The Broken Hearts Gallery is Hollywood’s latest rom-com and, honestly, it’s cute and fun. Starring Geraldine Viswanathan (Blockers, Bad Education) and Dacre Montgomery (Stranger Things), this is a lighthearted love story built from the ashes of failed relationships. So it’s about life stuff.

Hearts was written and directed Natalie Krinsky. She worked on Gossip Girl as a writer and story editor before tackling this project for her directorial debut. Krinsky also served as one of the film’s many executive producers, another being Selena Gomez.

Viswanathan plays Lucy, who hasn’t much luck in her love life. Once a relationship ends, Lucy takes something from each of her exes – every single time. Her shrine has grown to hoarder levels and when she learns, while at work, her boyfriend Max (Utkarsh Ambudkar, Pitch Perfect) has been cheating on her with his ex, Lucy loses him and her curator job in the same night. Lucy sulks (of course) until she mistakenly meets Nick (Montgomery), a hopeful owner of his under-construction dream hotel. After a second encounter with Nick, Lucy starts the Broken Heart Gallery, a pop-up collection of keepsakes donated by people who cannot move on from an ex. Nick and Lucy from a partnership when he reluctantly agrees to provide space for the collecion in his unfinished hotel and, of course, the two grow closer as a result.

Keepsakes are a new wrinkle to rom-coms since those objects are largely overlooked. It seems natural to keep little things as a reminder, but many refrain from discussing said items at length. Krinsky, to highlight its importance, provides establishing shots of New York City during the opening credits while including digital renderings of little trinkets that, at first glance mean nothing, but have sentimental value for someone else. A rubber ducky, a tie, a jacket, a map, an old boombox – it’s all junk, but they represent so much more in terms of feelings and memories.

Admittedly, I have keepsakes – therein lies the film’s appeal. It’s the best aspect of Gallery and viewers will easily be reminded of “that thing I took when we broke up” while relating with Lucy and her heartbreak.

Viswanathan is excellent in that respect, so much that it balances out Lucy’s more annoying moments – both the actress and the character haeve no problem swallowing their pride.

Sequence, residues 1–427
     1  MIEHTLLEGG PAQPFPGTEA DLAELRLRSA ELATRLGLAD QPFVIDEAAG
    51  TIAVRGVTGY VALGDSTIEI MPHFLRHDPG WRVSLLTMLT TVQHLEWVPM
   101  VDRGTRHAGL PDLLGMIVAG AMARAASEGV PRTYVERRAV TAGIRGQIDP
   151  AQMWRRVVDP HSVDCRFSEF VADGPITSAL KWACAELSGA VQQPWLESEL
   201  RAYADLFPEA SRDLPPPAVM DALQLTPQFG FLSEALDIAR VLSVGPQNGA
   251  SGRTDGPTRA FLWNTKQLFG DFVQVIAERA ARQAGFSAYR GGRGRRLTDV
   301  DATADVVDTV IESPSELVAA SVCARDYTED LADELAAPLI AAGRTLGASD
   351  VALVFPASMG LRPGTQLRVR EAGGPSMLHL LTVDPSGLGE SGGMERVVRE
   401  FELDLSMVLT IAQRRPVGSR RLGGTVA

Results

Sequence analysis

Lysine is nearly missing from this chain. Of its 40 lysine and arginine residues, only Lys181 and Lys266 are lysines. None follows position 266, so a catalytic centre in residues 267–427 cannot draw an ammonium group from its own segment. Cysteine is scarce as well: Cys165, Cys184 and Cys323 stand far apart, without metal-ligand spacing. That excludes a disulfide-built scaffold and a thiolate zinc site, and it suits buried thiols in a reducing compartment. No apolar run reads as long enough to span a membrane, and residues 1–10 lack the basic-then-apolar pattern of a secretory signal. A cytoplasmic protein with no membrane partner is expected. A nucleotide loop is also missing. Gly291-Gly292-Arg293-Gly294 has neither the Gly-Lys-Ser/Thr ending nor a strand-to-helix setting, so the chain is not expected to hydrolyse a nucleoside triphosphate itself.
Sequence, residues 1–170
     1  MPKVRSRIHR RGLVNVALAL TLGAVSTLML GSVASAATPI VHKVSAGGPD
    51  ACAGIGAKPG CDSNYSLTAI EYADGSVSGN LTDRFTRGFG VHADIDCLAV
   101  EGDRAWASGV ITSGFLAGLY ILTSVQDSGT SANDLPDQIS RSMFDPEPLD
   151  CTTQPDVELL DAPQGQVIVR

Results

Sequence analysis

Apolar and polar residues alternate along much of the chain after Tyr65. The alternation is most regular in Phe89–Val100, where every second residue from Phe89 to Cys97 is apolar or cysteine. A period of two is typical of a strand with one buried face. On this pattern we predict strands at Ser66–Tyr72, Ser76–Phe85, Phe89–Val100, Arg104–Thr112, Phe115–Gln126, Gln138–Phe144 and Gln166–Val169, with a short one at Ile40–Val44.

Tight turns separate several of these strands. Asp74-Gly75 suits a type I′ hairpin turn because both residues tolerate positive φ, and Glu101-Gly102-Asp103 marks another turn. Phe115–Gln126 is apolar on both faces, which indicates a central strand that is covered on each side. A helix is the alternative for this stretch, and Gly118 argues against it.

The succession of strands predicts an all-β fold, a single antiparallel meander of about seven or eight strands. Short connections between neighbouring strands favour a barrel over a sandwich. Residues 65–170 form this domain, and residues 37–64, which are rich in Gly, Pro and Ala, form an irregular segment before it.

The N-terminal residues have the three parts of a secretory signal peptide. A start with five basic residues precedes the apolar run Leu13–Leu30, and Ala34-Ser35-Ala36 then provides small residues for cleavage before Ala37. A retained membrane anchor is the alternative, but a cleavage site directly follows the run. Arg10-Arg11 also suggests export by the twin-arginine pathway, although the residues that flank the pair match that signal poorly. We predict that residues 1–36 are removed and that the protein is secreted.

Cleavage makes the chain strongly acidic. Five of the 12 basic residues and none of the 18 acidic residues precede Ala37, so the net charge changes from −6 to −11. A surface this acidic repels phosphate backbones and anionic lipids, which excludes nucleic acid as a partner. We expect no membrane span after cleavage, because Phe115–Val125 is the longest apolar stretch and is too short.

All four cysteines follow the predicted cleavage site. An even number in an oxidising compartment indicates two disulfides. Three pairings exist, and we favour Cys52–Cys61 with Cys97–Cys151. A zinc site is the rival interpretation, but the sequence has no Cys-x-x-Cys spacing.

Another winner is the chemistry between Viswanathan and Montgomery. Lucy and Nick are on opposing ends of the personality spectrum – Lucy is outgoing and honest, an open book; Nick is reserved and distant – he intentionally holds back. Their back and forth drives the story and is obvious matchmaking fodder. It is a rom-com, might I remind you.

Last, but not least, are Lucy’s two best friends – Amanda (Molly Gordon, Booksmart) and Nadine (Phillipa Soo, Hamilton). Krinsky understands the importance of friendships – Amanda and Nadine are friendship personified as they display their loyalty without bounds. Amanda is in law school - she knows how to get away with murdering a slew of Lucy’s exes; Nadine helps Lucy let go (um, somewhat) of those exes since she’s a player who switches lovers as often as a model changes clothes. They provide plenty of comic relief (especially when the two wager on Lucy’s many relationships), are protective of Lucy and obviously love her. That’s what friends are for, after all.

Despite Gallery eventually giving in to the rom-com formula, this is a fresh take on failed relationships and handling a break-up’s aftermath. Viswanathan’s endless energy is endearing, while Montgomery’s Stranger Thngs bad boy persona parlays itself into the reserved nice guy charmer rather well. Also, it must be mentioned – Viswanathan, who’s born in Australia, is the first Indian female lead I’ve seen in a mainstream rom-com since Bend It Like Beckham (released in 2002!). It’s great to see that diversity; please realize, though, Viswanathan is fantastic – she’s deserving and perfect in the role.

And Bernadette Peters is here! Where’s she been? It’s great to see her onscreen again.

The Broken Hearts Gallery is a charming first effort from Natalie Krinsky and is worth a look if you’ve ever held on to a romantic keepsake.

3.5 stars out of 5


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